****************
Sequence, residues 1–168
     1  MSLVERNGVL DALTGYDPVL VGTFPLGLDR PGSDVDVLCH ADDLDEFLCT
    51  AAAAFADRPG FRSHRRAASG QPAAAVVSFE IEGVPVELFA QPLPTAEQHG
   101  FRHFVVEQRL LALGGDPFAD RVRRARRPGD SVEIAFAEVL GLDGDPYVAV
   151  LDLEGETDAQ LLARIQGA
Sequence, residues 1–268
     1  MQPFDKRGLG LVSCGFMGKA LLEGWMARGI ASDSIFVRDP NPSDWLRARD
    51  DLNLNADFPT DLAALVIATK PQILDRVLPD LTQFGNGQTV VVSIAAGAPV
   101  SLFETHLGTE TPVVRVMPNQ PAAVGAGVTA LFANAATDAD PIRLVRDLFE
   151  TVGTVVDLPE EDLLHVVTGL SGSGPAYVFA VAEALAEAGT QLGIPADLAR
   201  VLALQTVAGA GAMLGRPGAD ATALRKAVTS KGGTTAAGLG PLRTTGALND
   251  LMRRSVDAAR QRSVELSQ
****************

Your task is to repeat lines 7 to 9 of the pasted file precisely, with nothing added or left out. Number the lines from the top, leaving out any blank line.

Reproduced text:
     1  MQPFDKRGLG LVSCGFMGKA LLEGWMARGI ASDSIFVRDP NPSDWLRARD
    51  DLNLNADFPT DLAALVIATK PQILDRVLPD LTQFGNGQTV VVSIAAGAPV
   101  SLFETHLGTE TPVVRVMPNQ PAAVGAGVTA LFANAATDAD PIRLVRDLFE